LAKEWOOD, Colo. – One of the most endangered mammals in North America received a boost today, thanks to collaborative efforts between the federal government and the State of Wyoming.
As part of its ongoing efforts to conserve the endangered black-footed ferret, the U.S. Fish and Wildlife Service, with the support of the Wyoming Game and Fish Department, has finalized a rule to designate the state of Wyoming as a special area for ferret reintroductions. The new rule will make it easier for willing landowners to host ferrets on their property.
“Private landowners are key to the success of the black-footed ferret recovery effort,” said Noreen Walsh, Regional Director of the Service’s Mountain-Prairie Region. “We are pleased to be working with the state to give Wyoming landowners the comfort level they need to consider establishing ferrets on their property. Black-footed ferrets were originally rediscovered in Wyoming after they were thought to have gone extinct, so it is fitting that this rule will allow more of them to return home.”
“This new rule is a good fit for Wyoming because it builds on voluntary efforts by landowners and recognizes the role they play in species conservation,” said Scott Talbott, Director of the Wyoming Game and Fish Department. “The final rule should have positive impacts on black-footed ferrets and Wyoming can continue to play a leading role in the conservation of this species.”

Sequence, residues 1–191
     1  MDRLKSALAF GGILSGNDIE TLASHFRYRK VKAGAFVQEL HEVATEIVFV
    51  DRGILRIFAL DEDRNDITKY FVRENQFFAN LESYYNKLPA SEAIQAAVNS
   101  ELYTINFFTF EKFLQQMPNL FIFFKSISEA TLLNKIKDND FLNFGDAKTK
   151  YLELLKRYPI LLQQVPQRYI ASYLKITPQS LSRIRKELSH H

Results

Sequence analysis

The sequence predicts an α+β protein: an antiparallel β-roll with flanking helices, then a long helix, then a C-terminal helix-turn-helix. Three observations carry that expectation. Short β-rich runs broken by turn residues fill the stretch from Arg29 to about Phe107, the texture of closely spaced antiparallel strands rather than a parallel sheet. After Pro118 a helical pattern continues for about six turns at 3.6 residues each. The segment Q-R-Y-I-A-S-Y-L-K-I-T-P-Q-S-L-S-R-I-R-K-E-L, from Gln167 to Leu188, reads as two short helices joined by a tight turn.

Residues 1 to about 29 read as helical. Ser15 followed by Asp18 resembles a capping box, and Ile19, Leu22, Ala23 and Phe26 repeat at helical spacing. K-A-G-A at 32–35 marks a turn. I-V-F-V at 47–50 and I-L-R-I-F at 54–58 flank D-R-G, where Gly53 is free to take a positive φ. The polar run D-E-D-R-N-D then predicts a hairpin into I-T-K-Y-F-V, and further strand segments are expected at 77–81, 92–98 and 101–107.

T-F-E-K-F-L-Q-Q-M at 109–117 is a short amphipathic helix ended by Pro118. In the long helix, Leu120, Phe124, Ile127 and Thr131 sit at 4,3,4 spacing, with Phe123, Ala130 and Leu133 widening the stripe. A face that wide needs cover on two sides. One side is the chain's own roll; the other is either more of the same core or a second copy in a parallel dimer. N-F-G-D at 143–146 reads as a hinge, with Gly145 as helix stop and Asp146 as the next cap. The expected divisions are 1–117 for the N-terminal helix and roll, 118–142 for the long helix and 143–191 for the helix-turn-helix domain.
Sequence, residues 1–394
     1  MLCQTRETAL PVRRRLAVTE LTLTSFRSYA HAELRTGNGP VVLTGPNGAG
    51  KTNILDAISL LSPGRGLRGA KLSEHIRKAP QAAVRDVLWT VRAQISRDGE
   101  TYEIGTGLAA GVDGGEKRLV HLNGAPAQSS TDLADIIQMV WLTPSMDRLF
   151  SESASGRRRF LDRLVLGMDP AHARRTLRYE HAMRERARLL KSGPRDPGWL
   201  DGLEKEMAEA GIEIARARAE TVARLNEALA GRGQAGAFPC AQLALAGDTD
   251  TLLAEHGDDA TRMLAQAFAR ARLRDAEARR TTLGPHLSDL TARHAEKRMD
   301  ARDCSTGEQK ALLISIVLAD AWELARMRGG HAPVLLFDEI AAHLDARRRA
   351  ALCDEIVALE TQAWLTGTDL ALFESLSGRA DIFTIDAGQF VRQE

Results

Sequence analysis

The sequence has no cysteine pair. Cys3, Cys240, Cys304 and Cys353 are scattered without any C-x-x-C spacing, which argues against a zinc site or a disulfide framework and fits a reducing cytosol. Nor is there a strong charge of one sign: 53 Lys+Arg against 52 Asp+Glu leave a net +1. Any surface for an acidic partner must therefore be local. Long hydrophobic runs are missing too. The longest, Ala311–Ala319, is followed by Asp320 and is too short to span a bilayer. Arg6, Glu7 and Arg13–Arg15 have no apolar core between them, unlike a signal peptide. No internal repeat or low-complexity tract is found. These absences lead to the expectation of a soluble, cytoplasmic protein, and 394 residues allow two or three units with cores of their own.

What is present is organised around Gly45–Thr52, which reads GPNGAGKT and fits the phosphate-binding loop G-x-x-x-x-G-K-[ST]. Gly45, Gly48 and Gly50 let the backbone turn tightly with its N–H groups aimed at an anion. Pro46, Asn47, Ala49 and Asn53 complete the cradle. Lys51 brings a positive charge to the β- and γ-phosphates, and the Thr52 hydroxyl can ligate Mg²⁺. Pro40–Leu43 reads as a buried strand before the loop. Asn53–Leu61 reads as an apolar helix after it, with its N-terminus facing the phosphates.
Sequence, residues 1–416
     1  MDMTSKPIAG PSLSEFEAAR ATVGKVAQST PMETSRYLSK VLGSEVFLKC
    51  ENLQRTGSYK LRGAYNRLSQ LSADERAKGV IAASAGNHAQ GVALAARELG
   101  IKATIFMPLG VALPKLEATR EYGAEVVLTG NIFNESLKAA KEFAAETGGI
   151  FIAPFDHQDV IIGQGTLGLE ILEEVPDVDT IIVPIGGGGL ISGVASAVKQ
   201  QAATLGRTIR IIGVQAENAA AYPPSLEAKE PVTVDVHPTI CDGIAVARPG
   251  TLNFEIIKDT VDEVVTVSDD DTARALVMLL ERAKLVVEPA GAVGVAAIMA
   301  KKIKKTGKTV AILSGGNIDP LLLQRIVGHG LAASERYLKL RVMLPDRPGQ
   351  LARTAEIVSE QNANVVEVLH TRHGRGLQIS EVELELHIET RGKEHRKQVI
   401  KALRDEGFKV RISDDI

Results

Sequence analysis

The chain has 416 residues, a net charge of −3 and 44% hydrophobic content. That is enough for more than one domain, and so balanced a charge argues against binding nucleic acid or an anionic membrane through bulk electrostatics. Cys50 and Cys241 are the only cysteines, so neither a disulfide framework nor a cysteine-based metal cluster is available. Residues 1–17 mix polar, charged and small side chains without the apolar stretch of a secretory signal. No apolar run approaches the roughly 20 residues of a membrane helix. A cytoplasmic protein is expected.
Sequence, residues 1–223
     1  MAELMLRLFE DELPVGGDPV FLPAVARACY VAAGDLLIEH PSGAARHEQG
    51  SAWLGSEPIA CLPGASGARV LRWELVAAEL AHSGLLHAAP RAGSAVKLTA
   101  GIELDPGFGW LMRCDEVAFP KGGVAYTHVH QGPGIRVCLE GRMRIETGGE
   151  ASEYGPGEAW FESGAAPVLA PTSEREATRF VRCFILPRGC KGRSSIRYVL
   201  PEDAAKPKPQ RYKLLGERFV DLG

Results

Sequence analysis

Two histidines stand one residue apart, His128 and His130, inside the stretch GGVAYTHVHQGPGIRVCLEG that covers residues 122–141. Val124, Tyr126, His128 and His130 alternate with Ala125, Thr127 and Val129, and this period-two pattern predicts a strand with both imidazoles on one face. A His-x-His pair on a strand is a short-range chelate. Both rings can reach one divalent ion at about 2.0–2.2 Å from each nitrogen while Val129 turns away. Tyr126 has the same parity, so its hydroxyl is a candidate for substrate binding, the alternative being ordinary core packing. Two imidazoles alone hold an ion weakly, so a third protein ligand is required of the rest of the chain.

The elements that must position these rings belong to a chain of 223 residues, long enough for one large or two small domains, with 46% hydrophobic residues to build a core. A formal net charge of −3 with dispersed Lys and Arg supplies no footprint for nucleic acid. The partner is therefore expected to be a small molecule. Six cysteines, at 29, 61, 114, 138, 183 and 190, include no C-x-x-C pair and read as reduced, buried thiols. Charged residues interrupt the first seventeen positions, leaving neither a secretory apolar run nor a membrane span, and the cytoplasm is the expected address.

Re-establishing a threatened or endangered species in parts of its former range is often necessary to recover a species. To relieve concern that reintroductions may restrict the use of private, tribal or public land, Congress added the provision for “non-essential, experimental” populations under section 10(j) of the Endangered Species Act.
The flexibility provided by 10(j) rules in other parts of the ferret’s range has allowed the Service to reintroduce the species on public and private lands from Mexico to Canada. Although potential sites for reintroductions in Wyoming have not yet been determined, with the special allowances afforded under the 10(j) rule, landowners will be able to manage their property without the concern they might break the law by inadvertently harming a ferret.
Participation in future recovery actions for the black-footed ferret by private landowners will continue to be entirely voluntary. Implementation of the 10(j) rule ensures that the concerns of private landowners and landowners adjacent to reintroduction areas are addressed comprehensively.
Once thought to be extinct, a remnant population of black-footed ferrets was discovered in the 1980s near Meeteetse, WY. Upon that discovery, the Service and the Wyoming Game and Fish Department founded a successful captive breeding program from those animals, which continues to this day.
The black-footed ferret recovery team has released ferrets at 24 sites across Wyoming, South Dakota, Montana, Arizona, Colorado, Utah, Kansas, New Mexico, Canada and Mexico. Today, 17 of those sites have confirmed black-footed ferret populations. Current numbers in the wild are encouraging, but more reintroduction sites are needed to fully recover the species so that it no longer requires federal protection. The biggest obstacle to ferret recovery today is lack of suitable reintroduction sites, which the 10(j) rule in Wyoming is designed to address. There are no immediate plans to reintroduce ferrets in Wyoming, but the Wyoming Game and Fish Department will work with landowners who want to volunteer to host a reintroduction.